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Live at Jackson Station

Music, Community, and Tragedy in a Southern Blues Bar

Daniel M. Harrison

Published: Jan 28 2021


Published: Jan 28 2021


Published: Jan 28 2021

OA Ebook
Published: Jan 28 2021


The inclusion of this book in the Open Carolina collection is made possible by the generous funding of

The smoke was thick, the music was loud, and the beer was flowing. In the fast-and-loose 1980s, Jackson Station Rhythm & Blues Club in Hodges, South Carolina, was a festive late-night roadhouse filled with people from all walks of life who gathered to listen to the live music of high-energy performers. Housed in a Reconstruction-era railway station, the blues club embraced local Southern culture and brought a cosmopolitan vibe to the South Carolina backcountry.

Over the years, Jackson Station became known as one of the most iconic blues bars in the South. It offered an exciting venue for local and traveling musical artists, including Widespread Panic, the Swimming Pool Qs, Bob Margolin, Tinsley Ellis, and R&B legend Nappy Brown, who loved to keep playing long after sunrise.

The good times ground to a terrifying halt in the early morning hours of April 7, 1990. A brutal attack—an apparent hate crime—on the owner Gerald Jackson forever altered the lives of all involved.

In this fast-paced narrative, Jackson Station emerges as a cultural kaleidoscope that served as an oasis of tolerance and diversity in a time and place that often suffered from undercurrents of bigotry and violence—an uneasy coexistence of incongruent forces that have long permeated southern life and culture.

Listen to Dan Harrison on SC Public Radio's Walter Edgar's Journal

Listen to Dan Harrison on the New Books Network Politics & Sociology podcast

Listen to Dan Harrison on South Carolina State Library's Library Voices SC podcast

Listen to Dan Harrison on the Inside Jackson Station podcast.

Available in audiobook from Tantor Media

Daniel M. Harrison is a professor of sociology at Lander University in Greenwood, South Carolina, and the author of Making Sense of Marshall Ledbetter: The Dark Side of Political Protest.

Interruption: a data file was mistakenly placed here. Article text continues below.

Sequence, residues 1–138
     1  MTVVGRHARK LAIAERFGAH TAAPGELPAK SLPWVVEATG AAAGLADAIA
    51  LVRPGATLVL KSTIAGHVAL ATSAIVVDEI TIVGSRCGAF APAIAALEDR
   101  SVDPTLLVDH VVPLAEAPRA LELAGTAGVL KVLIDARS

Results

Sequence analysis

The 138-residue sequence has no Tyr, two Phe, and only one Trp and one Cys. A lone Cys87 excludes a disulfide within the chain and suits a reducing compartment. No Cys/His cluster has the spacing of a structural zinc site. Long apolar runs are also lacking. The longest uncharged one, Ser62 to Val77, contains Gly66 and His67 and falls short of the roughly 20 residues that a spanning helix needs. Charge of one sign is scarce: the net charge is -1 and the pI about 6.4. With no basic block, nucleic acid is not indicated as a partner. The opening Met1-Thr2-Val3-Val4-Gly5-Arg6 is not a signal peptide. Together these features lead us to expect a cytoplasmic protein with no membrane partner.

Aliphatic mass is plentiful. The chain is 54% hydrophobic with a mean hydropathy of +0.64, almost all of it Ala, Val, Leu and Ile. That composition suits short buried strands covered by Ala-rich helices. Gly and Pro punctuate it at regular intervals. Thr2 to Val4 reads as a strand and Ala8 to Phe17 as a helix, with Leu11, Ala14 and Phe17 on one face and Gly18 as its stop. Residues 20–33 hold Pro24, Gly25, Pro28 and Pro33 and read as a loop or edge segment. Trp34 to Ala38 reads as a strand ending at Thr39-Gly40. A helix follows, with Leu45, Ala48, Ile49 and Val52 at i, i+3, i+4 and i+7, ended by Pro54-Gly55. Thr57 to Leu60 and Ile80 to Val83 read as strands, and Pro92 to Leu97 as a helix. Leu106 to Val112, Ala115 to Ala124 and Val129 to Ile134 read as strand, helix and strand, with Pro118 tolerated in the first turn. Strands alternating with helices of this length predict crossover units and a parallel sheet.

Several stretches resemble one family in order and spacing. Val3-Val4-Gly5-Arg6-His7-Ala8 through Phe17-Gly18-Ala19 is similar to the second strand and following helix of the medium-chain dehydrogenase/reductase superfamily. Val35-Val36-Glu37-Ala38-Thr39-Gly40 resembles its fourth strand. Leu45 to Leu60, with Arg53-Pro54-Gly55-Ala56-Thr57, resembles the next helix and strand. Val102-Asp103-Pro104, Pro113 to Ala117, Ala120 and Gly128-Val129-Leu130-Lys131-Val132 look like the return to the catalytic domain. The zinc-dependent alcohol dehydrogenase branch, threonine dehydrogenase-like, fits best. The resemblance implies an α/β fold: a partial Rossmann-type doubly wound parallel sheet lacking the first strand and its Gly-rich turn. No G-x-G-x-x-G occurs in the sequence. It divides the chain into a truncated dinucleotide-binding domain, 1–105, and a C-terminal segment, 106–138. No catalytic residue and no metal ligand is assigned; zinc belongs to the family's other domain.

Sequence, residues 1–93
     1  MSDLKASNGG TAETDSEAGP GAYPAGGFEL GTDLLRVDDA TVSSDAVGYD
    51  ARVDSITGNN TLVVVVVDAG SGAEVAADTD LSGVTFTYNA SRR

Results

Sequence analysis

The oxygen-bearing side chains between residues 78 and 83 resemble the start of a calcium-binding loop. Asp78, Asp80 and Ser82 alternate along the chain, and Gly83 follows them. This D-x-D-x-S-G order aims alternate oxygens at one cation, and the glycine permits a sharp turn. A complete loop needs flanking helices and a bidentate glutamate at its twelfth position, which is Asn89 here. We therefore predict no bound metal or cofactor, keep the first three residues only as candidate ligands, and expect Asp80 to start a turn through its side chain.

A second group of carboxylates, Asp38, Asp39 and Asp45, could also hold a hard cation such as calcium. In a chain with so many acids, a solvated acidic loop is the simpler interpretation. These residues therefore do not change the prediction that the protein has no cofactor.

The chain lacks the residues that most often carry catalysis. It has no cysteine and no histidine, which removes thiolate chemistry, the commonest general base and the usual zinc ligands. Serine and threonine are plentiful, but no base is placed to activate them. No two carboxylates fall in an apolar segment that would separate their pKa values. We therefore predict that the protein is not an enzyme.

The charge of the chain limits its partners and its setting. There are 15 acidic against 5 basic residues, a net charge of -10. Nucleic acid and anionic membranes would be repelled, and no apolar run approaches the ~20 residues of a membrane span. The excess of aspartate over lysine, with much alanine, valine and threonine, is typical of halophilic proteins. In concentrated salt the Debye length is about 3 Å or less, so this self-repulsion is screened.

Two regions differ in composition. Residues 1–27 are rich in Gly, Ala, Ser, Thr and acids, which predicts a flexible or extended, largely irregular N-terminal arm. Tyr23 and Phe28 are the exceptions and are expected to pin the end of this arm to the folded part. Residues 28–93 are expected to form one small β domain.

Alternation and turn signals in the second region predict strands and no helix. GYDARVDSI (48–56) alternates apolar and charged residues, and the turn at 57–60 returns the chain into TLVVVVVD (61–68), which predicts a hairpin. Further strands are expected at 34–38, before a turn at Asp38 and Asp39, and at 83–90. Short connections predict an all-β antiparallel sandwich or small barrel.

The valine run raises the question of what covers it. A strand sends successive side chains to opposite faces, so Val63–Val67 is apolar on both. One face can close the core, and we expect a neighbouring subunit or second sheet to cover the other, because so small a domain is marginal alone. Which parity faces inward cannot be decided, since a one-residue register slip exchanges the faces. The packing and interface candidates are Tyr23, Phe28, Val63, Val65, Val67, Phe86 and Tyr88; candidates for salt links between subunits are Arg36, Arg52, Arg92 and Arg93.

"An account of an extraordinary Southern musical oasis and the tragedy that shut it down... Fans of the blues and lively music clubs will find this fascinating."—Kirkus Reviews

"Jackson Station was no ordinary juke joint. The old train depot on a rural South Carolina highway was home to late-night magic, occasional mayhem, and hot live music. In his highly compelling and well-researched account of the roadhouse, author Daniel Harrison reveals its colorful history in a story of family, the blues, diversity, and ultimately, tragedy. It's a distinctively Southern tale of a uniquely Southern place."—Michael Miller, former music writer, The State (Columbia, S.C.)

"I imagine that, if I hadn't frequented Jackson Station, I'd have not become a writer, for better or worse. Way to go, Dan Harrison, for directing a light on this place that changed people's lives in a nowhere spot of South Carolina."—George Singleton, author of You Want More: Selected Stories

"Like a great bluesman, sociologist Daniel Harrison knows how to tell a story. In Live at Jackson Station, Harrison tells the story behind one of South Carolina's notorious juke joints: Jackson Station. Harrison shows how this former railroad depot turned roadside tavern continued to serve as a liminal space from 1970 until its closure in 1990. Through in-person interviews with former musicians and Greenwood locals, Harrison shows how emotions felt at Jackson Station helped transition the physical structure beyond the chasm of time."—Vernon Burton, Judge Matthew J. Perry Distinguished Chair of History, Clemson University

"Jackson Station in the 1980s was a remarkable social laboratory in the midst of a slowly changing but still redneck-dominated part of rural South Carolina. Daniel Harrison's thoroughly researched history of this blues-themed musical night spot and its sudden and tragic demise documents a chapter in the gradual social change that has been taking place in this part of the country."—David Evans, Professor of Music Emeritus, The University of Memphis

"Harrison delivers this explanation of Jackson Station with a mix of historical and qualitative literary nonfiction, social history, ethnomusicology, and cultural sociology... an engaging, accessible book."—Social Forces

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